Vitamin P is one of the most mysterious vitamins. Even experts don’t know what it does! But now we do. And its amazing benefits are well known among health professionals and the general public alike. What’s even better is that there are no side effects at all when taking vitamin p!
The Amazing Benefits of the Mysterious Vitamin P:
1) It prevents wrinkles and fine lines.
2) It helps prevent heart disease, cancer, diabetes, Alzheimer’s Disease and many other diseases.
3) It reduces blood pressure and cholesterol levels.
4) It protects against strokes and heart attacks.
5) Its antioxidant properties protect your body from free radicals which cause aging, cancer, stroke and many other diseases.
6) It boosts immunity and fights off infections.
7) It improves memory function.
8) It increases energy levels and mental alertness.
9) It promotes healthy bones, teeth, hair and nails.
(It contains minerals such as calcium, phosphorus, magnesium, iron, zinc and copper.)
10) It decreases the risk of developing colon cancer in women.
Vitamin P is also known as bioflavonoids. You can find bioflavonoids in vegetables, fruits and other plant-derived food.
They are the reason why fruits and vegetables are so good for you. In fact, they’re so good for you, that people who eat a lot of fruits and vegetables have a lower risk of developing many diseases and live longer than people who don’t eat many of these nutritious foods!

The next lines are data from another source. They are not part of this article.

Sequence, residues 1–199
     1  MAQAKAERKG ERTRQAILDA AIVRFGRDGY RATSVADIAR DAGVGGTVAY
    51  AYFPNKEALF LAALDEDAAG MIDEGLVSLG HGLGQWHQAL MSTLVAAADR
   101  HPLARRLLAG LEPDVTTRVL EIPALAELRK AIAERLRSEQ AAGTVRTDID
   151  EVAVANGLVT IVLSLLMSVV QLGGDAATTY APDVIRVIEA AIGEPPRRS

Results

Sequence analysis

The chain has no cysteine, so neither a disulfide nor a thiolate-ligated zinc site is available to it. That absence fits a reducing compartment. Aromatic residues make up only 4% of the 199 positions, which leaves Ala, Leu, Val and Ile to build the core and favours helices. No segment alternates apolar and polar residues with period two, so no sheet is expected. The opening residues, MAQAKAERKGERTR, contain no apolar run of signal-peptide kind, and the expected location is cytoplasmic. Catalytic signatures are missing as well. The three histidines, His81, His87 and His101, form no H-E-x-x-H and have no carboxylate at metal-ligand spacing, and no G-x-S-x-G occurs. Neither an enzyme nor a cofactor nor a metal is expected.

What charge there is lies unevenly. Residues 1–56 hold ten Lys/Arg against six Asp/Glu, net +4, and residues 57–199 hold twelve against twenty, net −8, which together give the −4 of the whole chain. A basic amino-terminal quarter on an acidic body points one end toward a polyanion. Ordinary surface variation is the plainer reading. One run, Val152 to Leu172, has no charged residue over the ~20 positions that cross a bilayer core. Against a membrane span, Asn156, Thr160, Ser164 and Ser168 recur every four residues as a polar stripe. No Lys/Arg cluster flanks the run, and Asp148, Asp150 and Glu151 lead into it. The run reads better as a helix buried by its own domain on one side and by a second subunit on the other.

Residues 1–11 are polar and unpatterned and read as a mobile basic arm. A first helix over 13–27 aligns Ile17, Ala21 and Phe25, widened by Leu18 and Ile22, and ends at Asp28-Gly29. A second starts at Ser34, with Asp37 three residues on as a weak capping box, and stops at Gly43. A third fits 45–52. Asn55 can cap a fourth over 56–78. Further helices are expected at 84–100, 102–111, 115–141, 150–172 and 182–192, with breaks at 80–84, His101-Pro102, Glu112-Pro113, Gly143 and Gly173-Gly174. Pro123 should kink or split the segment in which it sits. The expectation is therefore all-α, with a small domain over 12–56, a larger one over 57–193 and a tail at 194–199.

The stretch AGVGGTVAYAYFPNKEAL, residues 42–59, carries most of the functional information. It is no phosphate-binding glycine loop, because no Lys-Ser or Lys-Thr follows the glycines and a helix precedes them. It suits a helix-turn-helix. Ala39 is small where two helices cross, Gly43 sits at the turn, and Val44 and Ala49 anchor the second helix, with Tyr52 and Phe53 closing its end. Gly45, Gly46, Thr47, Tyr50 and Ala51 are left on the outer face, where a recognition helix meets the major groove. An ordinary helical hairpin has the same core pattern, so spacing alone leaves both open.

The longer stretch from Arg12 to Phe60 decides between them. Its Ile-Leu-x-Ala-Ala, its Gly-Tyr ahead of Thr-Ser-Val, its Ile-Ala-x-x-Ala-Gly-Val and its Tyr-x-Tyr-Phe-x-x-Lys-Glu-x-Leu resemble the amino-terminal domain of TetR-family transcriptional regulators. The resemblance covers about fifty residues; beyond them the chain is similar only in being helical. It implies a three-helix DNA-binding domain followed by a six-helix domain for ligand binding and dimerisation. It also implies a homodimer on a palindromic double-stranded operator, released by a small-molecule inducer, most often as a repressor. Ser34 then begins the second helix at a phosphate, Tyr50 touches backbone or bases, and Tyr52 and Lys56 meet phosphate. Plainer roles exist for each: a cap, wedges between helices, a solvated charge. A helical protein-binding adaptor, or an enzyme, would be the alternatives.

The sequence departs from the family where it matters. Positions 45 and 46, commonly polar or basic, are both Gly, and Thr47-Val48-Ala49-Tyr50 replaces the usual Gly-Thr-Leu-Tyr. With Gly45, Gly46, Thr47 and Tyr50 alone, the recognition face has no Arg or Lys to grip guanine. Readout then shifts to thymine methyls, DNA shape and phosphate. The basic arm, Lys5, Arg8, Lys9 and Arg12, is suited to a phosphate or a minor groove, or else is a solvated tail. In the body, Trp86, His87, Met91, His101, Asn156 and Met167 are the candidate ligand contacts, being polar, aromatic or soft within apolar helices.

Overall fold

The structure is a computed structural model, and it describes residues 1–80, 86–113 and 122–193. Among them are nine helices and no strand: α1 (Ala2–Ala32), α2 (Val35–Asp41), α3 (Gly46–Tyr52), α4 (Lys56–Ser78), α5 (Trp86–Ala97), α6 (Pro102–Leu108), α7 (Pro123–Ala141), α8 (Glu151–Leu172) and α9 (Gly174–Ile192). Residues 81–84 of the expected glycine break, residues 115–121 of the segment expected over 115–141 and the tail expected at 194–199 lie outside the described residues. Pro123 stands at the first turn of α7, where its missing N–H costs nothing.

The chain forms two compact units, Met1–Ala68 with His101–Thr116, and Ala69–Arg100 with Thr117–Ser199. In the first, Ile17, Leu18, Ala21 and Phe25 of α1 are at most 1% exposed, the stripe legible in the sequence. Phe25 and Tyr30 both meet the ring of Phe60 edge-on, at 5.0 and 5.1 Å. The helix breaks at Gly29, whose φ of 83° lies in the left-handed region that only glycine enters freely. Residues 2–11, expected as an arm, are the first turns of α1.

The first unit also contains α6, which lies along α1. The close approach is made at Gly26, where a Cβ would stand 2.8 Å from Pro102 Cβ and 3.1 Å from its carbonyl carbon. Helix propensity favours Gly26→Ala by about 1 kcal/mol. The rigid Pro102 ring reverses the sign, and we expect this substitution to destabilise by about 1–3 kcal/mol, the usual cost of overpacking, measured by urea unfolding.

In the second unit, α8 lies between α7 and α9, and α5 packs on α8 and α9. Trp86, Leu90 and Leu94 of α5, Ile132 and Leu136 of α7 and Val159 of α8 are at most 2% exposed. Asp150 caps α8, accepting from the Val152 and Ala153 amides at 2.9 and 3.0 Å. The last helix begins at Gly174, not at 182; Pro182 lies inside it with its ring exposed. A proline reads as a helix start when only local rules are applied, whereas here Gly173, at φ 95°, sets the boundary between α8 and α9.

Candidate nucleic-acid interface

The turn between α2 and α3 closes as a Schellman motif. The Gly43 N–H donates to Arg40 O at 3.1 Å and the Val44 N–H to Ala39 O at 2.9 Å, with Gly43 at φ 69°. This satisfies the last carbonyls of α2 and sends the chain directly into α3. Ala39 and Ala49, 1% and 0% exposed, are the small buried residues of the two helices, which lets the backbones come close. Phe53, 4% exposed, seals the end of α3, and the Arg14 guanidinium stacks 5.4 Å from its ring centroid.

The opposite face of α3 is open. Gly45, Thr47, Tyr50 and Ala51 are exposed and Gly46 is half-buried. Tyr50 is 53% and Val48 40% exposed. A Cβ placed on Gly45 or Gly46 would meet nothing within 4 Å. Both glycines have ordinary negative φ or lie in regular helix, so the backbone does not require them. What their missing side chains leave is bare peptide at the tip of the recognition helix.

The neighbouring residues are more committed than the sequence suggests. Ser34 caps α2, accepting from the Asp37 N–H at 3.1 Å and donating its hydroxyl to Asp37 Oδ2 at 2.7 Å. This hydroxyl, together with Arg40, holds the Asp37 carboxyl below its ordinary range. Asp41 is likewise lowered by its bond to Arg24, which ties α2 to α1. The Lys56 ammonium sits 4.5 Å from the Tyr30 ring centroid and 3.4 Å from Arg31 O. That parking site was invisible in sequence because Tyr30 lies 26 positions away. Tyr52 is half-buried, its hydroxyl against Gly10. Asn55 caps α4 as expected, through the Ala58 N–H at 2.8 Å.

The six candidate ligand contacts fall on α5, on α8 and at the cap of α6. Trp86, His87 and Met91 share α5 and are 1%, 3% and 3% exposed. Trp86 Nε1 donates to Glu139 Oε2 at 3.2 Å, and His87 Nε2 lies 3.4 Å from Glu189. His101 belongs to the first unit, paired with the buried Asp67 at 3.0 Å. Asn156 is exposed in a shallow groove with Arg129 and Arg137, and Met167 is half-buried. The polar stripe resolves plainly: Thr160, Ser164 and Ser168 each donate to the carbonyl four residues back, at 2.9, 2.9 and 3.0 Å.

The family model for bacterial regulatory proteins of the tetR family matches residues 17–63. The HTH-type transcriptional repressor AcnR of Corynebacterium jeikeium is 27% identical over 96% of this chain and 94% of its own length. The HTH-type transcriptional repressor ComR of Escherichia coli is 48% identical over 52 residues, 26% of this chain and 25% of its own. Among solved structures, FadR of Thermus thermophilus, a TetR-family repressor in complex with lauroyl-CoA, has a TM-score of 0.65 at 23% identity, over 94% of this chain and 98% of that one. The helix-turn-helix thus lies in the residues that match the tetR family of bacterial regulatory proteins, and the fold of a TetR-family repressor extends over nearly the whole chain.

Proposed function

Bioflavonoids are also found in many herbs and herbal teas. Herbs such as ginseng, gingko, bilberry, green tea, red wine extract, garlic and ginger all contain bioflavonoids.
And they’re ALL good for you!
In addition to foods, the human body can also produce bioflavonoids on its own. Your body converts plant pigments into bioflavonoids.
This process is known as ”bioflavonoid synthesis.”
Bioflavonoids are classified as antioxidants. Antioxidants mop up free radicals and help prevent cell damage.
In fact, when it comes to antioxidants, bioflavonoids are some of the most powerful substances in nature!
Some sources describe bioflavonoids as ”vitamin P.” Technically speaking, they’re not vitamins.
The difference between vitamins and bioflavonoids is that the body needs vitamins in tiny amounts while it needs bioflavonoids in much smaller amounts. We need to consume only a negligible amount of bioflavonoids every day. By negligible I mean about 10 milligrams (less than the size of an aspirin tablet).
You can get your daily dose of vitamin P from a bowl of fortified cereal or from one cup of raw vegetables. Five milligrams of vitamin P can be found in one medium tomato.
Don’t take more than the recommended daily dose of vitamin P because too much can be harmful. The latest studies show that too much bioflavonoids can actually cause blood vessel constriction and may damage your blood vessels in the long run.